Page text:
The Real Housewives of New Jersey got deep about their own sex lives after discussing Jennifer Aydin’s conservative views on sex and marriage. The Turkish beauty is married to a plastic surgeon, and they share five kids. But the RHONJ wife had a (sort of) arranged marriage. "So, I was actually set up. I didn't have to marry him if I didn't want to. We set each other up, and I would hope to do the same for my kids,” she says. Jennifer says they never had sex before they married.
The cast had some strong opinions about that. Melissa Gorga said, “Most of us have tried out our husband before we married him.” Joe Gorga says “sex is number one” and if he didn't have it often, he couldn’t function in his daily life. Teresa Giudice piped in that “you gotta test drive before you get married,” and she wasn’t talking about a car.
Basically everyone agreed there has to be sex before marriage — especially with the person you’re marrying.
Then there’s The Bachelor’s Colton Underwood, who at 26, is still a virgin with 30 women in one mansion all fighting to change that.
The first episode of this season repeats the fact that he is a virgin over and over. And over. In case you didn’t know. They've basically made it his whole identity. It’s pretty suspenseful actually, watching to see if some lucky lady will be the first to win him over in the show’s famed Fantasy Suite.
Mindy R. Schiffman, PhD., clinical psychologist and certified sex therapist who runs a private practice in Greenwich Village, New York, says that she thinks you don’t necessarily have to have sex before marriage.
She explains: “What is important is how you feel treated by your partner and to understand and be accepting of each other’s expectations,” she says.
Tell that to Teresa.
Well, it’s actually very common in her practice to see couples who marry without having had sex — with anyone.
“I can’t say how common it is for couples to remain virgins until they marry,” Schiffman says. “It might depend on how you define sex. Many couples are very sexual but reserve intercourse for after marriage. These couples already have a good idea about one another’s sexual responsiveness and needs. For couples who have little physical contact before marriage, sexual interactions may be more awkward. It is essential for heterosexual couples to think about pleasuring one another in varied ways, learning one another’s bodies, rather than racing toward intercourse.”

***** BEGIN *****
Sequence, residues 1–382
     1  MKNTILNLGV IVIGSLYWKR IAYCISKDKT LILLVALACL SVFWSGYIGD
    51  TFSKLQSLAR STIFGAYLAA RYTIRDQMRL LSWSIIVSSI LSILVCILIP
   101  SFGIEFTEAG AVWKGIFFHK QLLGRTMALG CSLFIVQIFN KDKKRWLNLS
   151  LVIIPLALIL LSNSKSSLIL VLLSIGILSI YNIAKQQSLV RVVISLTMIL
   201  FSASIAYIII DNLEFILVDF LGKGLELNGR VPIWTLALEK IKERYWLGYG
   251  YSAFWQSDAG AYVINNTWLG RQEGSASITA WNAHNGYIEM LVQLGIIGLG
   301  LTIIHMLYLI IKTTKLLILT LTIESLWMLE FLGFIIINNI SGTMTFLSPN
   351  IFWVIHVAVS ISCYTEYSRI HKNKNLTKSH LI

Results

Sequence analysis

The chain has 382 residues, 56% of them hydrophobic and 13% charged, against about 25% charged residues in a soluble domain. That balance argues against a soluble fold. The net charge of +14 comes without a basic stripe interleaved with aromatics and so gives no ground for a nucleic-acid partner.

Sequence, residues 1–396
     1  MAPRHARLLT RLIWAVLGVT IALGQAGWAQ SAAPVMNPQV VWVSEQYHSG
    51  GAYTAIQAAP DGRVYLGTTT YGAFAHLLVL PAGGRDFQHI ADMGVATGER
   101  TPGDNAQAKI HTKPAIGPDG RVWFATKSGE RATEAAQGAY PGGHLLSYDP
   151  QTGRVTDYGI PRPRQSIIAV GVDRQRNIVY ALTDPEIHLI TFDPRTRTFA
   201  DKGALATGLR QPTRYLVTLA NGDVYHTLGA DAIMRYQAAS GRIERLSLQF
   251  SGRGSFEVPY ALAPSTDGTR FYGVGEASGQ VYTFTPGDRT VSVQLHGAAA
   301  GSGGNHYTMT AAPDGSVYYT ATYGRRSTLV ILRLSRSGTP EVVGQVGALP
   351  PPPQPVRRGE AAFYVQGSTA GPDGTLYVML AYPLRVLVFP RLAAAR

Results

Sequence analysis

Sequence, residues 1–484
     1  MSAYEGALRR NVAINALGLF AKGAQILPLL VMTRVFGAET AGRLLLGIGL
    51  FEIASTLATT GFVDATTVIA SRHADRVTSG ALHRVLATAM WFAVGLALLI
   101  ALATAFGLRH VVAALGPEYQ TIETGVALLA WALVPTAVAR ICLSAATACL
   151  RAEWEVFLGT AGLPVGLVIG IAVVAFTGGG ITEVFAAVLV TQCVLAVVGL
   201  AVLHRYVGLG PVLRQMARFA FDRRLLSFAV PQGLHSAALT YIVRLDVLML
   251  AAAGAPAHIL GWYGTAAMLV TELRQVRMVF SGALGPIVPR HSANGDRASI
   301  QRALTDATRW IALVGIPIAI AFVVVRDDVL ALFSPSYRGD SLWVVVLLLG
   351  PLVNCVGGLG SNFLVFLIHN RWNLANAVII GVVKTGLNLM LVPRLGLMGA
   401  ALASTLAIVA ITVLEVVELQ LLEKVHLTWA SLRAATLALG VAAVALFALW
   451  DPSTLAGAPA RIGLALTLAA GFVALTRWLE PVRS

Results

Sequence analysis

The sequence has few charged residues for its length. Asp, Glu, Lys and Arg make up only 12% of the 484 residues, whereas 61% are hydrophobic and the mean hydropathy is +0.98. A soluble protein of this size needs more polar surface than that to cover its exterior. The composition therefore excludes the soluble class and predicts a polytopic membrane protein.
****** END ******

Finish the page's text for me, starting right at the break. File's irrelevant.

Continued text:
She adds it’s not about the experience in bed, but how much you are willing to communicate with your partner about your wants and needs.
“Experience matters if you are willing to learn from your partner. People, especially women, require individualized attention to their response to stimulation. Partners who think they know what to do but aren’t sensitive to their partner aren’t learning from their experience,” she says. “Couples who are willing to talk and learn in a new relationship are often the best lovers.”
John Marchini LCSW specializing in sex therapy, disagrees. “If being sexually active with each other is important to the couple, I believe consummation of the relationship should happen early. Sexual compatibility is tested in the field, not the classroom,” he tells Personal Space. “Being sexually educated is necessary. Being aware of one’s sexual desires and expectations is a plus. Having the capacity to accept and express and communicate about these desires and expectations is ideal. This ability can come with more experience, but not guaranteed.”
He adds that he has not yet met a client who has remained a virgin until marriage.
Dr. Maha Nasrallah says that from what she’s seen in her practice, having sexual experience can lead to better sex. “Specifically because the person knows their body and sexuality better, and builds confidence with time,” she says. “It is natural for sex to feel awkward and even not very enjoyable in the beginning because the person is anxious and not very knowledgeable regarding his or her body and sexuality. The more comfortable you are with your body and with sex, and the more connected you are to your body, your pleasure, and your partner, the better the experience.”
But, she adds, “this doesn’t necessarily mean that people should have penetrative sex with a partner to feel more relaxed and in control of their sexuality.”
“One can achieve many of the same benefits by exploring their own sexuality through reading and learning, reflecting, discussing, and physically exploring their body,” she says. “Of course this doesn’t mean that I encourage people to do anything that does not feel comfortable or good for them, nor that they should change their personal values and beliefs as a result. If having sex is something that is only comfortable for them within the confines of marriage, then it could potentially be a negative experience if they engage in it in ways that are conflicting with their values … I practiced in the Middle East for several years, and it is quite common for people from religious backgrounds to stay virgins until marriage. I assume it is the same for religious communities in other countries.”
Therapist Sandi Kaufman says she would advise people to try to have sex before they marry. “Sexual chemistry is so important and I would advise it. If people can’t have sex before marriage due to religious reasons, obviously there are ways to get around full-on intercourse,” she says. “I’m not sure of the percentages of people remaining virgins until marriage. It’s religiously and culturally influenced. I’d say it’s uncommon but it exists.”
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